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Forbidden fruit is tempting

I just read a wonderful book Hybrid: the history and science of plant
by Noel Kingsbury.

It contains a charming story, of a Moravian priest called Father
Schreiber, who was more interested in horticulture than holiness,
and whose parish included Gregor Mendel’s birthplace, Hyncice. As
Kingsbury tells the tale:

Schreiber also had to face opposition,
or at least suspicion, from a conservative peasantry. So in order
to distribute new fruit varieties, he and the countess [Maria
Walpurga Truchsess-Zeil, no less] developed a technique that has
been used more than once down the ages in order to bring new genes
to the countryside: subterfuge. A nursery for trees was established
and word put out that these valuable seedlings were under guard,
the guards being instructed to make a lot of noise if they heard
anybody but not to actually arrest anyone. In a matter of days, all
the seedlings had been stolen.

Towards the end of his book Kingsbury then gives a much more
recent example of the same phenomenon:

In March 2002, following its approval
by the Indian government, Mahyco-Monsanto released a number of
cotton hybrids containing a gene for the production of a compound
lethal to caterpillars, which had been derived from a bacterium.
‘Bt cotton’ as it was known, was already in cultivation in India –
effectively illegally. Since 1998, however, anti-GM activists
had been campaigning against the cottton, with Vandana Shiva
denouncing them as “seeds of suicide, seeds of slavery, seeds of
despair”. Farmers, however were desperate to obtain cotton which
would not fall victim to bollworm, and to avoid the costs and the
dangers of using pesticides. In a situation familiar to producers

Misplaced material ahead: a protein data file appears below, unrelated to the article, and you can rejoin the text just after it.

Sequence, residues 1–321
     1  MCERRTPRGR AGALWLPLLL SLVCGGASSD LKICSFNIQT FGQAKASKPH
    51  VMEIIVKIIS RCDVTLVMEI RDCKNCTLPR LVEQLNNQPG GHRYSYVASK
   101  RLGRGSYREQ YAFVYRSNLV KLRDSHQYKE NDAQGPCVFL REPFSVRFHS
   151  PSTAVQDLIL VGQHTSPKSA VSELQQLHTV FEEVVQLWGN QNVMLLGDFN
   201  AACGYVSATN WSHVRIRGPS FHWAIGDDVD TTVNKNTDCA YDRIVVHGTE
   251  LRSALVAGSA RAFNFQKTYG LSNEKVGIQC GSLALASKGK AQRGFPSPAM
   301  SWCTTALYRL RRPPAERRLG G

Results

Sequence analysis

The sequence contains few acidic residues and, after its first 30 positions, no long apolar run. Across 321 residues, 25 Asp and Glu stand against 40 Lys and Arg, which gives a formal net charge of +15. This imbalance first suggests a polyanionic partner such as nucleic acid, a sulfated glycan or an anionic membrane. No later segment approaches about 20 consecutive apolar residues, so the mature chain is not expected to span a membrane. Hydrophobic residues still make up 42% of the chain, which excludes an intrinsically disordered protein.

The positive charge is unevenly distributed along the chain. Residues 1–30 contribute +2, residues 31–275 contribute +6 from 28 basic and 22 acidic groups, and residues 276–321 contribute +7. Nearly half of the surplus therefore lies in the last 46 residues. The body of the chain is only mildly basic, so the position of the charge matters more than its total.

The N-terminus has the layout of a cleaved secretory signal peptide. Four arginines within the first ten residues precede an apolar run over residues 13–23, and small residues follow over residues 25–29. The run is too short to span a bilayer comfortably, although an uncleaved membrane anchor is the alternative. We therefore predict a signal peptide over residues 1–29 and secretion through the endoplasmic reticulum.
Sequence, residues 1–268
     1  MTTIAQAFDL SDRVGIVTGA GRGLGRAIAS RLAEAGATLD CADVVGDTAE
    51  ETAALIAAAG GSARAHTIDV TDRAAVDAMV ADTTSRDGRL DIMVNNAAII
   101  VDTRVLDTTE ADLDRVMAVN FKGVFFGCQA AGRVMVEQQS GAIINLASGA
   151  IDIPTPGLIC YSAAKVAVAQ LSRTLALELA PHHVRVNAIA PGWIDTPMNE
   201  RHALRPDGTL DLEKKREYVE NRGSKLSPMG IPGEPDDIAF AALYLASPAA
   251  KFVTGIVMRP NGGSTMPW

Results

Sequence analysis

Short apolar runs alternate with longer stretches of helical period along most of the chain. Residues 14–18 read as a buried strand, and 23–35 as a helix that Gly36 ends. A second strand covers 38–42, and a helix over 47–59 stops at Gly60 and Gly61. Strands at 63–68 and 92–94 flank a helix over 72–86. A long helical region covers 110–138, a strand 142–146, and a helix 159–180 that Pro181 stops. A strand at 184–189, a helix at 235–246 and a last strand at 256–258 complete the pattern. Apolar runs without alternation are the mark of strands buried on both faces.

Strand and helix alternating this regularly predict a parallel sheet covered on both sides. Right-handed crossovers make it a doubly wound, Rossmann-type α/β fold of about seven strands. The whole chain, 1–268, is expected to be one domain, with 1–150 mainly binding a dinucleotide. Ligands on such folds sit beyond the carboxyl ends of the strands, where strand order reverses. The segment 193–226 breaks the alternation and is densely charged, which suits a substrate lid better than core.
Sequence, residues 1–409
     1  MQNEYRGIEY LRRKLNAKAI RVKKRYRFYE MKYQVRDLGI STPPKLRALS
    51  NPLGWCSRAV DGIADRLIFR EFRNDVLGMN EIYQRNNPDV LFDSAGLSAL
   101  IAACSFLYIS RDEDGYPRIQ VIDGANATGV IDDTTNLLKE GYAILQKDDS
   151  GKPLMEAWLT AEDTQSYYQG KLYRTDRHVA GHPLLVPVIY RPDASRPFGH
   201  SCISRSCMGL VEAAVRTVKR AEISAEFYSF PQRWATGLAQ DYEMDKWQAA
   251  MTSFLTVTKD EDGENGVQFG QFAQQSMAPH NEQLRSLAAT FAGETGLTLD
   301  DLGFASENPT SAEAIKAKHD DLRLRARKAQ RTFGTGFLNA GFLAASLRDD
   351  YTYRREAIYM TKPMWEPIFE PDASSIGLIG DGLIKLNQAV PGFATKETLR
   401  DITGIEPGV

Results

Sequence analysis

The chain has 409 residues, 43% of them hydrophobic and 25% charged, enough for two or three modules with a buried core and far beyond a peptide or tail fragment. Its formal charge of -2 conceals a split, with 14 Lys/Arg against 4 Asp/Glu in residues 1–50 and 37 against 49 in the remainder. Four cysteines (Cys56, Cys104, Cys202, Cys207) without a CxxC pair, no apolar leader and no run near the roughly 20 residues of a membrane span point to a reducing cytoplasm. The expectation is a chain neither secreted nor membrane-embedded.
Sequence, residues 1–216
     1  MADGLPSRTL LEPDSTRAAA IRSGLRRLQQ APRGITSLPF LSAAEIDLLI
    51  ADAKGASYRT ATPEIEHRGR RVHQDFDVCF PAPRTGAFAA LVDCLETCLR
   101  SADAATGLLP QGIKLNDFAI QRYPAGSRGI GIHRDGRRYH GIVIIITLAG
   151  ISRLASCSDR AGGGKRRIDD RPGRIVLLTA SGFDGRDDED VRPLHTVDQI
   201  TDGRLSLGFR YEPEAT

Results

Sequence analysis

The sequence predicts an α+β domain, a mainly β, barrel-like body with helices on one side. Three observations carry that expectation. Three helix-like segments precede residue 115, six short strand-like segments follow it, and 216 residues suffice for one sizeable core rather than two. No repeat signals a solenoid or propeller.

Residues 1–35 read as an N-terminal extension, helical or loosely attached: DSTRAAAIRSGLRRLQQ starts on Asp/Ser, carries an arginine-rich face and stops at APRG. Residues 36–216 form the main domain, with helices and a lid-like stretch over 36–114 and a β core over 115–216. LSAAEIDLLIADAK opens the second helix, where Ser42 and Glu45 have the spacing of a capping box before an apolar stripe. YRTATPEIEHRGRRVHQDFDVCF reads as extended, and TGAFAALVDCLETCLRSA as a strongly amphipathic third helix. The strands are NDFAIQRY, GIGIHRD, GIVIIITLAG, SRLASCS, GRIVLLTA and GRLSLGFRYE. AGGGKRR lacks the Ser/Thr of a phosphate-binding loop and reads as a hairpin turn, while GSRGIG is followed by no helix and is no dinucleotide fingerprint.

of software and fashion goods, whereby Asian markets are flooded
with fake goods, seeds of the Bt cotton had ‘escaped’ from
Mahyco-Monsanto’s test plots, and had been used to breed new
‘unofficial’ Bt cotton varieties. ‘Disappearence’ of seeds from
test plots is the bane of plant breeders the world over – farmers
know that among them are potentially much better plants than
the ones they grow. So much for rural conservatism, or indeed the
love of traditional landraces.

By 2005, it was estimated that
2.5million hectares were under ‘unofficial’ Bt cotton, twice the
acreage as under the ones which had been sown from Monsanto’s
packets. The unofficial Bt cotton varieties had been bred, either
by companies operating in an ambiguous legal position, or by
farmers themselves. A veritable cottage industry had sprung up, a
state described as ‘anarcho-capitalism’, whereby small-scale
breeders were crossing reliable local varieties with the
caterpillar proof Bt plant. Hundreds of Bt cotton varieties were
the result. In other words the worlds first GM landraces had
arrived, a blend of tradition and science – something best
described as thoroughly post-modern in its eclecticism – and a
powerful illustration that old and new technologies can not only
co-exist but should both be valued.

Shiva’s ‘Operation Cremate Monsanto’
had spectacularly failed, its anti-GM stance borrowed from western
intellectuals having failed to make headway with Indian farmers,
who were showing that they were not passive recipients of either
technology or propaganda, but taking an active role in shaping
their lives. What they did is also perhaps more genuinely
subversive of multinational capitalism than anything GM’s opponents
have ever managed.


In Uganda, GM bananas resistant to black sigatoka disease
are grown behind chain-link fences, not to keep eco-toff saboteurs
out but to keep eager growers from borrowing the plants.

It’s going to happen In Europe too. Fed up with being forbidden
by the green zealotry to choose GM crops, a Welsh farmer named
Jonathon Harrington last year says that he smuggled
insect-resistant maize seeds on to his farm and grew an illegal GM

By Matt Ridley | Tagged:  rational-optimist